The anti-choice movement has consistently attempted to tar reproductive freedoms as anti-black genocide. Most recently, Rick Santorum said that it was “almost remarkable for a black man” like Obama to support abortion rights, and Terry Heck believes that Obama’s pro-choice position made him a “disgrace” to “his ancestors” like Harriet Tubman and Frederick Douglass.
Now, a state legislator in Arizona wants to “criminalize abortions if they’re sought because of race or sex,” reports Cronkite News:
If a state lawmaker has his way, women seeking abortions in Arizona would be required to sign documents saying they’re not terminating a pregnancy because of the fetus’ race or sex.
Rep. Steve Montenegro, R-Litchfield Park, is sponsoring two bills that would criminalize abortions if they’re sought because of race or sex. Doctors knowingly performing abortions for those reasons would face Class 3 felony charges.
Michelle Steinberg, an Arizona policy manager for Planned Parenthood, said women should never have to make a case to get an abortion and called the bills demeaning and bizarre.
“This could be a slippery slope in terms of requiring women to disclose why they’re choosing abortion,” she said. “Women should never have to present a case to get an abortion.”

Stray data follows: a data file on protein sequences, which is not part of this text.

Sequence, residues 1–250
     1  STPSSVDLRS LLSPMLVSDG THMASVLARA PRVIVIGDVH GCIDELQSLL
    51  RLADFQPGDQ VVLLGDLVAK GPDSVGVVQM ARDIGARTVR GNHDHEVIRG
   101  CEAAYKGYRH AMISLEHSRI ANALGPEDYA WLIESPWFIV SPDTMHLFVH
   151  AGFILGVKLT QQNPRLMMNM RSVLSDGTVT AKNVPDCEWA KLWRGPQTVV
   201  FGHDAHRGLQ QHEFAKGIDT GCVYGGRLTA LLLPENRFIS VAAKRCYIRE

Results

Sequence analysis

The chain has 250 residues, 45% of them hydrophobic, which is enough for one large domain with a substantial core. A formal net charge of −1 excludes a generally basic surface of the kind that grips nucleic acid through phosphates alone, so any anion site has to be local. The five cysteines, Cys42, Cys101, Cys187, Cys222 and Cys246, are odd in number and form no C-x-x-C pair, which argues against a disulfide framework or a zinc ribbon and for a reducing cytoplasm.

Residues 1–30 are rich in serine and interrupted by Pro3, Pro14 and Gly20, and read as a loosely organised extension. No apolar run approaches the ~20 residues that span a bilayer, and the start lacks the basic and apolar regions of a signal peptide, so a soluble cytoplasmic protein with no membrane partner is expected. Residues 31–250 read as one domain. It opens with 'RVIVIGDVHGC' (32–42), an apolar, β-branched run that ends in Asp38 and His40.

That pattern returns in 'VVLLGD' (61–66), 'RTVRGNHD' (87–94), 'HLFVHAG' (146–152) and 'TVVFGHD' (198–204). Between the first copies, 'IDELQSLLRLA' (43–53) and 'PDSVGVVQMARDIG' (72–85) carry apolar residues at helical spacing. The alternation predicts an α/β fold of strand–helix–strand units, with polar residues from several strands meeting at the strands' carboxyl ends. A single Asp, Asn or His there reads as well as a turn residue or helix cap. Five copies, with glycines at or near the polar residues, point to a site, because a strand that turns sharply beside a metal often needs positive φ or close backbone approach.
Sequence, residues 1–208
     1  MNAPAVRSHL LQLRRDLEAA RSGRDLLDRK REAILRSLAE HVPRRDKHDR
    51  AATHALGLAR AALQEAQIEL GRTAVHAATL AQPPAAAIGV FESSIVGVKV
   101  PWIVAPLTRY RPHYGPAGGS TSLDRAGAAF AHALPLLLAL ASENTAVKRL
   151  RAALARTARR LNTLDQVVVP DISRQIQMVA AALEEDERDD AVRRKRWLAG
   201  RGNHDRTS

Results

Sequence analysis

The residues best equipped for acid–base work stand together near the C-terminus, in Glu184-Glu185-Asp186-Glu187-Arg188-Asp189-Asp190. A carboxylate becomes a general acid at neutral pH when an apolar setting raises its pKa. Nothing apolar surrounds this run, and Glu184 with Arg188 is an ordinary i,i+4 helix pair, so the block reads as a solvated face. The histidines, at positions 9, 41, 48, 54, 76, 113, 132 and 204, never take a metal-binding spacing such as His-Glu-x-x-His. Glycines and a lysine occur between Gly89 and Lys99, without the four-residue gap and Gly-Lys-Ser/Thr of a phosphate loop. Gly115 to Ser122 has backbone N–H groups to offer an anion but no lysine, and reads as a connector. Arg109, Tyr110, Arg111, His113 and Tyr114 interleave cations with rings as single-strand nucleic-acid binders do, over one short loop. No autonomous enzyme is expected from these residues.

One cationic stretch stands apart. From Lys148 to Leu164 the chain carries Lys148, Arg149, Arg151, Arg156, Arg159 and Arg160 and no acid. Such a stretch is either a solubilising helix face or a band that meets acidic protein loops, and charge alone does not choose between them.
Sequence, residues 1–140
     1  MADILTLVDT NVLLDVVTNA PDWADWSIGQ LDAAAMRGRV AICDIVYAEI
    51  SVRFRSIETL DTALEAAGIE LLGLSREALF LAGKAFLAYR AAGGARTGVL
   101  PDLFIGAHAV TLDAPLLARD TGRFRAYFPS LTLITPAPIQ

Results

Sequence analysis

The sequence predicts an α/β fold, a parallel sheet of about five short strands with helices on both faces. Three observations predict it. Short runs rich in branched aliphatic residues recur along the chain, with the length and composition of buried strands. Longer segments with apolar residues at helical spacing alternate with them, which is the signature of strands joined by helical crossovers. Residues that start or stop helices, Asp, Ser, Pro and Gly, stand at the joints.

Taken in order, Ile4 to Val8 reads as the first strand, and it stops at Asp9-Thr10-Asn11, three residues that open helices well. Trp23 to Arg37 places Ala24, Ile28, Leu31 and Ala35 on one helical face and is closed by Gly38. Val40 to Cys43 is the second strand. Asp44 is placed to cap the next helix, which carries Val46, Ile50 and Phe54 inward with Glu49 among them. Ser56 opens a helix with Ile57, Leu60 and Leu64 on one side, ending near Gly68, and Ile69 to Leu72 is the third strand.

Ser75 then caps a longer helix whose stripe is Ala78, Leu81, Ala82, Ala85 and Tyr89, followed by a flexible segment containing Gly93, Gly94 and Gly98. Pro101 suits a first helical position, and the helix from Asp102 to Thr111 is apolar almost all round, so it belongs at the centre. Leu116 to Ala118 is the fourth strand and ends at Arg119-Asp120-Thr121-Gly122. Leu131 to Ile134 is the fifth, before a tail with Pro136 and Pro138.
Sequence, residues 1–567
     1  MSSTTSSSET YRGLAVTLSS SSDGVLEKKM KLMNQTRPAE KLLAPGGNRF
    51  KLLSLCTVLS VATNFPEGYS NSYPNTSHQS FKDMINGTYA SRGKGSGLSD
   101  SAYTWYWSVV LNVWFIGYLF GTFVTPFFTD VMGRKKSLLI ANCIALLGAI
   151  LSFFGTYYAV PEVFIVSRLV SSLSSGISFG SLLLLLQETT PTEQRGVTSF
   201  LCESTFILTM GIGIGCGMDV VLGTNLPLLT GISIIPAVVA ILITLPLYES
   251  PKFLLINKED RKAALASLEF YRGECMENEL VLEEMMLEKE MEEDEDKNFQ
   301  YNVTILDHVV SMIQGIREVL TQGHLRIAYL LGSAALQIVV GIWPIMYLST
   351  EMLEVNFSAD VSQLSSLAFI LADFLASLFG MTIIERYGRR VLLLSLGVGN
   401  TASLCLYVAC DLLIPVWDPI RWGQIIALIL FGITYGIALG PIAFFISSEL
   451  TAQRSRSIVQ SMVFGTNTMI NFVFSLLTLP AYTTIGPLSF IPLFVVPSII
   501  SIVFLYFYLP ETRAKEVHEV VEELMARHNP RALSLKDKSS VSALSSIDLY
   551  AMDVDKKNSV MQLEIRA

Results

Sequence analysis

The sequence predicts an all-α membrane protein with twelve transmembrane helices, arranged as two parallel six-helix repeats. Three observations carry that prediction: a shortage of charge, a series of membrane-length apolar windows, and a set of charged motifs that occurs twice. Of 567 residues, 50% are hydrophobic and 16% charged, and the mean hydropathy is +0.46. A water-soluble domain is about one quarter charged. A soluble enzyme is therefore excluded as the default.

Montenegro didn’t respond to several requests for interviews left with his office and with a spokesman for House Republicans. However, he told Capitol Media Services that abortion clinics are targeting minority areas and that more females are aborted than males.
Steinberg said the fact that minority women seek more abortions stems from other problems.
“This idea that minority women are having abortions at higher rates than white women speaks more to rates of poverty, access to contraception and a lack of sex education,” she said. “This is not racial genocide for God’s sake; this is a real problem that we’re not addressing.”
U.S. Rep. Trent Franks, a Republican representing Arizona’s second district, in 2009 sponsored similar legislation: the Susan B. Anthony and Frederick Douglass Prenatal Nondiscrimination Act. The bill, which never made it out of committee, would have criminalized abortion because of the “sex, gender, color or race of the child, or the race of a parent.”
Illinois and Pennsylvania have laws prohibiting sex-selection abortions. Several other states, including Georgia, Mississippi, New Jersey, Idaho and Oklahoma have tried to enact legislation that would prevent sex- or race-selection abortions.
Roy Spece, a lawyer and professor at the University of Arizona’s law and medical schools who co-authored a book on cases of bioethics and the law, said Montenegro’s bills could move Arizona backward.
“We could return to the era when you have hospital committees who would decide why each specific woman’s reason for having an abortion is sufficient,” he said.